Project Description

08 August 22 a.m. @ JUNO Temple


We recommend listening to new Naples while walking in the alleys of Naples ‘ historic center, around wet clothes hanging and street vendors on tiny three-wheelers

“Nuova Napoli” is a joyful homecoming. Conceived, studied and gave birth outside the house: in Berlin. Which in turn is a “place of passage”, according to Lucio Aquilina, founder of the duo Nu Guinea together with Massimo di Lena, with whom he has already shared the experiences in the name of LEM and TUFO, halfway between minimal-techno and synth-funk with IDM taces.

But let’s take a step back: Aquilina and Lena live in the German capital from 2014, the year in which she sees the light the first test of the Guinea Nu: an Ep of the same name, divided between a deep-house, funk variegations and Quartomondist colorings. Then he comes to the wheel “World Ep” (2015), in which their world-music vein joins a tribal record that stands out in the song “Exotica Dance Club”. Of 2016 is “the Tony Allen Experiments”, the third volume of the series “Afrobeat Makers”-curated by the Parisian Comet Records-in which Aquilina and Lena engage in the weaving of sumptuous jazz-funk and fusion textures that surround the drum patterns of Tony Allen (a Laconic “very good” will be the approval of the Master of Afrobeat). At that point, the two decide to set up their own personal label, NG Records, which inaugurates the catalogue with “Amore” (2017), rereading in funk mixed Latin-jazz key of the first hit of the Chrisma.

And we are finally at “Nuova Napoli”, the second title of the NG and striking example of the bond between man and topos. With the desire to tell a renewed “Neapolis”, we use a sound, so to speak, “dated”: The one that embraces the decades 70 and 80, cradle of a thousand projects including central Naples by James Senese and Franco Del Prete (both veterans of the “Showmen”) and Tullio De Piscopo Revolt Group-among the dozens of bands founded by Tullio Nazionale-which in 1976 released the Jazz-rock bomb “under E ‘ Ncoppa”. Not to mention, then, Toni Esposito from “Neapolitan red” to “the band of the Sun” and the Pino Daniele from “Terra Mia” to “Go Mo ‘”. Artists who have represented the most sanguine evolution of the Coachman prog Partenopeo, connoted by a natural theatrical vocation perpetuated by acronis such as Osanna, Front city, the bronze ballet and “lone wolves” as Alan Sorrenti, who bestowed on the World “Air” and “like an old censer at the dawn of a deserted village.”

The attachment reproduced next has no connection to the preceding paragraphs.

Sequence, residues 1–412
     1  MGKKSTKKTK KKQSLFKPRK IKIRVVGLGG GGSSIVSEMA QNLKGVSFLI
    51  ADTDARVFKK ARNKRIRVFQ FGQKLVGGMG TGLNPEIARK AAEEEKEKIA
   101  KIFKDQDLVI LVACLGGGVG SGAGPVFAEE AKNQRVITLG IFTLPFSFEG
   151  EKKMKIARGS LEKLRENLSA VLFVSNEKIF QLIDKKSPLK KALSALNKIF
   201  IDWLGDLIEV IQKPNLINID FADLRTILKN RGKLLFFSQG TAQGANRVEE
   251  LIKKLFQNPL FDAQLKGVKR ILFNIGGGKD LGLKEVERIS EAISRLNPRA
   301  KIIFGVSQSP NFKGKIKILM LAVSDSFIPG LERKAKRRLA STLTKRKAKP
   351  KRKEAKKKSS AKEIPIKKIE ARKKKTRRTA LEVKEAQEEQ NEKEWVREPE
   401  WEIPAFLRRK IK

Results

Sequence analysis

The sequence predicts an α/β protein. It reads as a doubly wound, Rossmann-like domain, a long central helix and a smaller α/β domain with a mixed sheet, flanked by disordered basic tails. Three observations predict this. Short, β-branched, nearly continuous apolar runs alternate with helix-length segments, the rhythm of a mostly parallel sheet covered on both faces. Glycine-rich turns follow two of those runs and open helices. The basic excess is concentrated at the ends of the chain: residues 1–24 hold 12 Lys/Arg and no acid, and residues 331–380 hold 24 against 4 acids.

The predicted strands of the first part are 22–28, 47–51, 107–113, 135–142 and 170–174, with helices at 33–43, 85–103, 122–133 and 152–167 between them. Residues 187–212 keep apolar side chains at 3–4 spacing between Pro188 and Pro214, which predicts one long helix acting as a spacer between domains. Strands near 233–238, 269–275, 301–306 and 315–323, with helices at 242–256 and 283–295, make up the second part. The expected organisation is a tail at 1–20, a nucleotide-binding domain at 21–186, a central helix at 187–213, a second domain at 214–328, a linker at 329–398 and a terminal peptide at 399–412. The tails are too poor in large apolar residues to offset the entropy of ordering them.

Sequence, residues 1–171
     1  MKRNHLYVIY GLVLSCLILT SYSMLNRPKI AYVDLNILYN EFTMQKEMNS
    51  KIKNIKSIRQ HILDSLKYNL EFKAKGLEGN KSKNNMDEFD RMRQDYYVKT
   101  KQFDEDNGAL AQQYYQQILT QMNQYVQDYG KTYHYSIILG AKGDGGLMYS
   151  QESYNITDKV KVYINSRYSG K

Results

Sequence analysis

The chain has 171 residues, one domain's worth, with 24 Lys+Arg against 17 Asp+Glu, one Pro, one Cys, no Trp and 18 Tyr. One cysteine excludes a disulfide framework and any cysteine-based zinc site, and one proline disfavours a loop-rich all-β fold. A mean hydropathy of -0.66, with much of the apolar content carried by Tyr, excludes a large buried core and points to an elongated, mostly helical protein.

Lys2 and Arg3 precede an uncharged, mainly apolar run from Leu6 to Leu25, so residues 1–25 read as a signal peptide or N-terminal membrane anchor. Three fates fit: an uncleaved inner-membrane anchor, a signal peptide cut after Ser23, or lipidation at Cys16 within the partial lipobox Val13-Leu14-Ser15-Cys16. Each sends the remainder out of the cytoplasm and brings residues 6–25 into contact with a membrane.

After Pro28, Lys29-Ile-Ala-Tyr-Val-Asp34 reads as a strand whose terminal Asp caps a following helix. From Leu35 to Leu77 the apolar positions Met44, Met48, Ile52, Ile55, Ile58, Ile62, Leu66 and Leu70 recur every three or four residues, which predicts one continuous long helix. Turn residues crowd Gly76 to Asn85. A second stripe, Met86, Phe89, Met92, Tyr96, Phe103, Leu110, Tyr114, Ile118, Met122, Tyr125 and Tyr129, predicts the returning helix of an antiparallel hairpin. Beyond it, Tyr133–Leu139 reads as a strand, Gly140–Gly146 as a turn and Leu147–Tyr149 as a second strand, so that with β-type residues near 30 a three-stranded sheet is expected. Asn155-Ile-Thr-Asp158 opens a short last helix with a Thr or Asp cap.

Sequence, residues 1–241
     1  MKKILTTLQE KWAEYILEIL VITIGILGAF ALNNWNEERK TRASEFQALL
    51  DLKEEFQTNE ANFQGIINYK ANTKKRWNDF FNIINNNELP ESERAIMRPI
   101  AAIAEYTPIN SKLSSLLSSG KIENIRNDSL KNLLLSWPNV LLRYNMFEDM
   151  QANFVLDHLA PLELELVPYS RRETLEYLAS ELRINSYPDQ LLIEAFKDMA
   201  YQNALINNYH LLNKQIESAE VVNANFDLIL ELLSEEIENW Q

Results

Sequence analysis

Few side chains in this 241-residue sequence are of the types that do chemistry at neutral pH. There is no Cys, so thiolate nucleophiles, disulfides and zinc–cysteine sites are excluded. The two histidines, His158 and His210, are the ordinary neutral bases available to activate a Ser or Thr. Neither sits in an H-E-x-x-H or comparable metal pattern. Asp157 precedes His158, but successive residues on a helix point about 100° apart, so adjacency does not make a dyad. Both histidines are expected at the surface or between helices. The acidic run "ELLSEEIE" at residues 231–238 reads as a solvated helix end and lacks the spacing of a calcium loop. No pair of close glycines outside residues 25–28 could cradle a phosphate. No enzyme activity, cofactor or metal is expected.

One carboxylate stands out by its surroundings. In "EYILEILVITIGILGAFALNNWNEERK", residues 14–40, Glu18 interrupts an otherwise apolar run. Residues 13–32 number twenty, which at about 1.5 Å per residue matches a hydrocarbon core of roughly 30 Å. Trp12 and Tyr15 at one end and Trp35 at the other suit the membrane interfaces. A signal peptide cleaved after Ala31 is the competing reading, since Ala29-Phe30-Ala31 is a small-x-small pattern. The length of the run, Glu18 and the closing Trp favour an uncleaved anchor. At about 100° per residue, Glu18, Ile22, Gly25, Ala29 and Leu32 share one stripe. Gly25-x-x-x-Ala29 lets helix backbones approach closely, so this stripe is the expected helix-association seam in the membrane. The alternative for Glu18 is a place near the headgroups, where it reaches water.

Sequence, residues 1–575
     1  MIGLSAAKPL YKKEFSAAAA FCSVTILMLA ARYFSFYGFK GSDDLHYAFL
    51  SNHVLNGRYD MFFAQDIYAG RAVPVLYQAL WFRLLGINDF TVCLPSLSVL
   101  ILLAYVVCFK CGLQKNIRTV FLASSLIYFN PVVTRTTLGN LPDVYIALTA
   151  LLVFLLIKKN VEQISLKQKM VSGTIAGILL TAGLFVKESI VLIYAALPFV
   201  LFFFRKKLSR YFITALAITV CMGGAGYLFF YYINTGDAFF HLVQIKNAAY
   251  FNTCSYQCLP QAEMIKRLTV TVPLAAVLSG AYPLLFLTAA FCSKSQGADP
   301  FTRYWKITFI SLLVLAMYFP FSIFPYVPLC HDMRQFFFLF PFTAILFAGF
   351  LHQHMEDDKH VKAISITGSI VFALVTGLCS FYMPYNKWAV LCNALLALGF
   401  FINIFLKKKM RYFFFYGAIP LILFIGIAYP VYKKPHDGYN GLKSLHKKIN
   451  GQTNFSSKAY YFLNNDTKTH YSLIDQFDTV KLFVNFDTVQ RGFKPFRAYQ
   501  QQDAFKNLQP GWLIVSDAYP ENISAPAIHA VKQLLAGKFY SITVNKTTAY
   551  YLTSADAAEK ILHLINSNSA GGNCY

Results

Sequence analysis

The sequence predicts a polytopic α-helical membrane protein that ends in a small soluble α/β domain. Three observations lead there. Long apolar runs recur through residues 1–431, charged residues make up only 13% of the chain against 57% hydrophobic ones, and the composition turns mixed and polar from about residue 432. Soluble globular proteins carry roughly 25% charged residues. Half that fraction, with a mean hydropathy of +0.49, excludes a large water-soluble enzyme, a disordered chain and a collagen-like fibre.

The duo’s visceral love for this multicultural sound tradition oozes from the opening track, the homonymous “New Naples”, the jazz-funk pearl, with a sensual strabismus divergent, with an eye that looks to the past and the other pointed at a Dreamy and amorphous future, steeped in radioactive psychedelic. The voice of Fabiana Martone comes to shake the eardrums with the text of “Je Vulesse”, excerpt of the poem “Je Vulesse truvà Pace” by Eduardo De Filippo, on which of Lena and aquiline sew a whirling funk drape embellished with arabesque fusion in which the fascination is Impossible to evade. And then there is “Dddoje faces” that, between wraparound keyboards, pith of sax and Latinized atmospheres, seems to re-emerge, after 38 years, from the ladder of “black in half”.

The soft soul-funk of “Disco sole” illuminates the B side of “Nuova Napoli”, letting itself be contaminated by easy-listening influences worthy of the company “Jay Richford & Gary Stevan” and of his meteor “Feelings”. On the other hand, in the plots of “Stann fore”, the protagonist seems a little to resume the vicissitudes and the thought of “‘ O Pazzo” praised in 1979 by Pino Daniele.
In the last two tracks of the album, Martone returns to make “a voice ‘ and napule”, moving slowly between scents lo-fi in peaking Lights style and venting into the jazz-rock of “Parev’ajere”, adaptation in Neapolitan sauce by “Mr. Business” of the French Edition Spéciale.

Listening and listening to an album as rich as “Nuova Napoli”, it is not worth asking whether or not it is one of the best Italian releases of 2018. Because it is certainly among the most appreciable of the kind of the last ten years. And among the most notable of the next ten at least.

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